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AsiaCurrent

Kashmir: ‘Paradise on Earth’ Turned Into Hell

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AsiaCurrent

Kashmir: ‘Paradise on Earth’ Turned Into Hell

As Indian mainstream media and social media dances to the tune of Brahminical narratives keeping the general populace under an illusion of ‘normalcy in Kashmir’, militancy in Kashmir is rising. It has to be kept in mind that all this is happening even after the deployment of nearly a million of armed military personnel.

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As Indian mainstream media and social media dances to the tune of Brahminical narratives keeping the general populace under an illusion of ‘normalcy in Kashmir’, militancy in Kashmir is rising. It has to be kept in mind that all this is happening even after the deployment of nearly a million of armed military personnel.

On 5th August 2019, Article 370 of the Indian Constitution was struck down. According to it, Kashmir had a semi-autonomous tag. Kashmir’s constituent assembly had powers on everything except communication, defense, and external affairs.

Since August 5th, 2019, the valley has been under a shutdown which has destroyed its economy, people’s right to the internet, and even life. The valley would become the ‘longest-serving surveillance state’ on 5th August 2020 when it enters its first year as a Union Territory downgraded from a semi-autonomous state.

‘Paradise on earth’ was the nickname of Kashmir given to it because of its beauty. The beauty of the valley prompted its fame and a war of prestige between two countries has turned it into a hell. Now, it is one of the most unsafe places in the world to live in (The Guardian, 2019).

Background

In 1947 when India became independent, it was partitioned into two countries. The partition was based on communal lines. The Muslim dominated Sindh and Punjab along with southern Bengal was made into a separate country called Pakistan. The Hindu religion dominated region came to be called India. The architect of Pakistan, Muhammed Ali Jinnah, crafted the country to be an Islamic country. Later, due to regional and cultural differences, the Southern Bengal which was called East Pakistan then revolted against Pakistan’s influence over the region. The revolt saw India getting into the scene and the war of 1971 resulted in East Pakistan becoming a separate country called Bangladesh. The war is perceived according to the political comfort of each country.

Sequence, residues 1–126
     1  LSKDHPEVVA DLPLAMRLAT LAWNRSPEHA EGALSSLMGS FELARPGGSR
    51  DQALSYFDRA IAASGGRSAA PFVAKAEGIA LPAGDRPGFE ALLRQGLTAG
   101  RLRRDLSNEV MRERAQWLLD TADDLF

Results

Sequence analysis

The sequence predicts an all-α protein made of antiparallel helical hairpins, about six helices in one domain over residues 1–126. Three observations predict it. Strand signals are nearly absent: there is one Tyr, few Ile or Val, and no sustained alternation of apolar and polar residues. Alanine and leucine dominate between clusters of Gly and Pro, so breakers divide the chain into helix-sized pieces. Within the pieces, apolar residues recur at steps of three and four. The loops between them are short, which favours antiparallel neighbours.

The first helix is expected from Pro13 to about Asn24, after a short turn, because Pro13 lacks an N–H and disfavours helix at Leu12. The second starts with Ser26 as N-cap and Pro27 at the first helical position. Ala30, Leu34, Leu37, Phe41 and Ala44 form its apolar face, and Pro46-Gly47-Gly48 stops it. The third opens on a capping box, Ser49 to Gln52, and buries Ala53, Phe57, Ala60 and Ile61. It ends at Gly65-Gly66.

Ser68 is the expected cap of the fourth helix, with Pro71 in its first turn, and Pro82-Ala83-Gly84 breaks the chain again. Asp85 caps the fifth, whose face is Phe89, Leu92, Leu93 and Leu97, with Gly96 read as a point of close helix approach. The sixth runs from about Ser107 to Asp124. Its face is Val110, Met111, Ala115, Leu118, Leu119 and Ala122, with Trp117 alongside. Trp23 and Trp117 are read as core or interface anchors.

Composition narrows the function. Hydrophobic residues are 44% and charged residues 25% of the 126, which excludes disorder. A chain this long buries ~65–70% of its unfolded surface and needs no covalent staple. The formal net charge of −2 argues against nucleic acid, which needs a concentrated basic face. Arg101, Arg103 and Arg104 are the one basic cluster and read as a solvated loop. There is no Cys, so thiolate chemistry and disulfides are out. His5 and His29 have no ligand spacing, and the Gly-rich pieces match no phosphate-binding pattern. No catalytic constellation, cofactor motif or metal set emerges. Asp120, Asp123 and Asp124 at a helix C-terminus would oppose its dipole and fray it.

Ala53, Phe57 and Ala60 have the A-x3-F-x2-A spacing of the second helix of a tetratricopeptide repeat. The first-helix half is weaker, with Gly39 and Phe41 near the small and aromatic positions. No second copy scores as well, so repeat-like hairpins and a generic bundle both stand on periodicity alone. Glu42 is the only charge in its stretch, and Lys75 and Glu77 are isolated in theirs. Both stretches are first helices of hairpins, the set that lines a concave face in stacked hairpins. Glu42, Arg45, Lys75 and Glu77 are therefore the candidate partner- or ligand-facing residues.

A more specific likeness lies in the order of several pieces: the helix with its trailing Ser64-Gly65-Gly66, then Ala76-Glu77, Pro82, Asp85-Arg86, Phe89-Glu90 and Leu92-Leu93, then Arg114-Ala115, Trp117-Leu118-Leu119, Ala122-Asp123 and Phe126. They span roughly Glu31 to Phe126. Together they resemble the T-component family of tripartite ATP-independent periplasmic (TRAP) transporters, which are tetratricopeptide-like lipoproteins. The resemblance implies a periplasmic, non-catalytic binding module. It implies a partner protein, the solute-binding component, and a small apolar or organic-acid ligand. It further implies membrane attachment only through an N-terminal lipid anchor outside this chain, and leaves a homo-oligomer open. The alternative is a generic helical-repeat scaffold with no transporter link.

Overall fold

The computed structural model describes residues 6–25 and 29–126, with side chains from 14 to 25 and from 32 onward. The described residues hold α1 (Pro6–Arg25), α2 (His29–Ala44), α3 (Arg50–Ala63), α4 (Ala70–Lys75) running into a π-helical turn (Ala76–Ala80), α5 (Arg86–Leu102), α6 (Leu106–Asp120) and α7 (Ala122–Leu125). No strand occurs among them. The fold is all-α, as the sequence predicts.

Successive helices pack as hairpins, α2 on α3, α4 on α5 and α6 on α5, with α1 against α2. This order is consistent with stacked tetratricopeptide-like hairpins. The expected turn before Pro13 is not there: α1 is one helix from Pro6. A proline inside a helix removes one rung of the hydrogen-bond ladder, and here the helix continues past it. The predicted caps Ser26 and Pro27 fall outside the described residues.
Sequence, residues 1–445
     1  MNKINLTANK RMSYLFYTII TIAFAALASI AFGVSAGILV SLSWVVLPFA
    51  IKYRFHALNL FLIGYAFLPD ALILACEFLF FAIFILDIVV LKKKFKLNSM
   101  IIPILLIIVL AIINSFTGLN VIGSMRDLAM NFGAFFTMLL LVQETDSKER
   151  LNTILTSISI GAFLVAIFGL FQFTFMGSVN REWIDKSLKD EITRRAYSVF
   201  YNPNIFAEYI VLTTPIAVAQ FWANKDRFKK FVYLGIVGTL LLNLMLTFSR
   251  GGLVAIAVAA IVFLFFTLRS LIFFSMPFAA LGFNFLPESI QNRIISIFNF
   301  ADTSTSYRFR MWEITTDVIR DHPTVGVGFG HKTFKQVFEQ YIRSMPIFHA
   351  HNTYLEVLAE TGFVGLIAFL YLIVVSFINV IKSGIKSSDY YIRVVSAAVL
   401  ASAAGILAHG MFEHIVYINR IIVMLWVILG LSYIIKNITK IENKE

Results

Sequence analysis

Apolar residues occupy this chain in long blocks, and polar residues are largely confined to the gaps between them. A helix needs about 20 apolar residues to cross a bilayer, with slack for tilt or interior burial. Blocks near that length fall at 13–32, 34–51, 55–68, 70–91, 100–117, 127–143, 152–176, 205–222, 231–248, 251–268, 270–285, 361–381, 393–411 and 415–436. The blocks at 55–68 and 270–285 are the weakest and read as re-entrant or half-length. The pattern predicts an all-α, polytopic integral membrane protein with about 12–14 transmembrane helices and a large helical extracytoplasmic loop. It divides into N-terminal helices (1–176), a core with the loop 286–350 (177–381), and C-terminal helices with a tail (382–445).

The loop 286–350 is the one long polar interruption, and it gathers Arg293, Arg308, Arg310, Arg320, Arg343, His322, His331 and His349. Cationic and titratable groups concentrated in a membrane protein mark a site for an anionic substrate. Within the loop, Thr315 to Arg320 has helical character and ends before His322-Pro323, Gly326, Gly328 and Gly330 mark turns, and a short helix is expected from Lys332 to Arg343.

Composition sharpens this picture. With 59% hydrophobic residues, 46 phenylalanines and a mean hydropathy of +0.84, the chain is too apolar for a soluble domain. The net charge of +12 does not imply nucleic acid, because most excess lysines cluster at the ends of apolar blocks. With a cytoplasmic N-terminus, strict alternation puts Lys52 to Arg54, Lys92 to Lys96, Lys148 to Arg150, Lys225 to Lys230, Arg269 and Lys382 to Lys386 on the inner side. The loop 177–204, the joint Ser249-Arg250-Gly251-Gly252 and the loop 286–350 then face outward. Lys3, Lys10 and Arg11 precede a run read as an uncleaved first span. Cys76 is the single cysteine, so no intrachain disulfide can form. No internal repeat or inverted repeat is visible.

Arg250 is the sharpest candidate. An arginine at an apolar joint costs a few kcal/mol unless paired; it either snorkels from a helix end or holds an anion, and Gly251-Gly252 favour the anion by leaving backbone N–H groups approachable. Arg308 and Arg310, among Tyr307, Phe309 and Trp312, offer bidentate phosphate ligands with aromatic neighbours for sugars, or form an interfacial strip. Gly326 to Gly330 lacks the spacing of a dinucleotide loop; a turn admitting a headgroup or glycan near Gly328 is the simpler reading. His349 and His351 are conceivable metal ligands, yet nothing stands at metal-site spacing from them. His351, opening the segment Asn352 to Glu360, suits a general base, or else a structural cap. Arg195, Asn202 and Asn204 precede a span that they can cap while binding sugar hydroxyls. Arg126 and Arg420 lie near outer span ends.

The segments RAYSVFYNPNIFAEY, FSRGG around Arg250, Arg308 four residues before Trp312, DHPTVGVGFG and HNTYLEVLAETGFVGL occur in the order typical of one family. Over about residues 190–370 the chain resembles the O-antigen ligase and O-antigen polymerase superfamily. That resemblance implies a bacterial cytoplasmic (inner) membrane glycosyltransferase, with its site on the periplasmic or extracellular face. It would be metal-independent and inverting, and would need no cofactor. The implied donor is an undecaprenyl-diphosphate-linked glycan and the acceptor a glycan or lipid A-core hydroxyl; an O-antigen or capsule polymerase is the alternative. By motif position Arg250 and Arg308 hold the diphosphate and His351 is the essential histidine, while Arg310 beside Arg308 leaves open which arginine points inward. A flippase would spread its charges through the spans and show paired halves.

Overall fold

Kashmir was a Muslim dominated territory. After 1947, the ruler of Kashmir, Raja Hiren Singh, opted to remain independent from both India and Pakistan. He managed to sign an agreement with Pakistan for free trade and commerce while India opted to stay away from any such agreements. In 1948, the borders between India and Pakistan again began to flare up with the bitter memories of Partition.

Some insurgent groups from Pakistan entered Kashmir during this time, making Kashmiris anxious. Raja Hiren Singh asked India’s help to tackle the insurgent problem. The then Prime Minister of India, Jawaharlal Nehru, agreed to help but on one condition that Kashmir should become a part of India. The Raja had no other option so he agreed. It remains a point of contention between historians as to whether this happened before or after the Indian army entered the valley. Pakistan and India had their perspectives regarding it. The truth is somewhere else.

The war ended with the UN peace agreement with Pakistan and India agreeing to keep their occupied territories then and to not to interfere in each other’s occupied territories of Kashmir. In 1965, the two countries again fought with each other when some Pakistani troops entered into Kashmir administered by India.

The cordial relations between Sheikh Abdullah (the first Chief Minister of Jammu and Kashmir) and Jawaharlal Nehru prompted the Kashmiri faith in India. Sheikh Abdullah was a prominent and popular figure whose repeated incarcerations by India during and after 1954 strained their relations. After he died in 1982, non among his party or family could win over the faith of Kashmiris.

After the second episode, diplomacy made way for an agreement with the two countries which managed to open a trade relationship between the two. However, in 1987, election results made the local Kashmiris suspect wrongdoing. As days went on, pieces of evidence of a rigged election scenario made Kashmiris frustrated. In 1989, the frustration took a strong turn. With Pakistan’s public backing, it spiraled into a strong collective agitation. Revolts broke out in Kashmir valley with the police reverting to violent suppression. Historians cite 1989 to be the point were separatism took hold of the valley.

In 1999, the two sides engaged in a war for the third time based on Kashmir. This time at the Shia dominated area called Kargil. After the war, diplomatic backchanneling prompted an improvement in relations. From 2004 to 2014, the disenchantment in Kashmir prompted a continuing militancy in the valley but to a limited extent compared to the former years.

In 2014 and 2015, there were some goodwill gestures from both sides. However, 2016 proved them to be mere theatrics. In 2016, Burhan Wani, a militant of Pro-Pakistan Hizbul Mujahideen, was shot dead. This spiraled into a violent agitation in Kashmir as Kashmiris regarded Wani as their blood. He was a Pro-Pakistan militant but his history — by then a part of local Kashmiri folklore — made them empathize with him. He was molded into a militant by the atrocities of the Indian Army in the Valley. Since, 2016, Kashmir has been boiling and the Indian Government of RSS-BJP made violent oppression the new norm in Kashmir.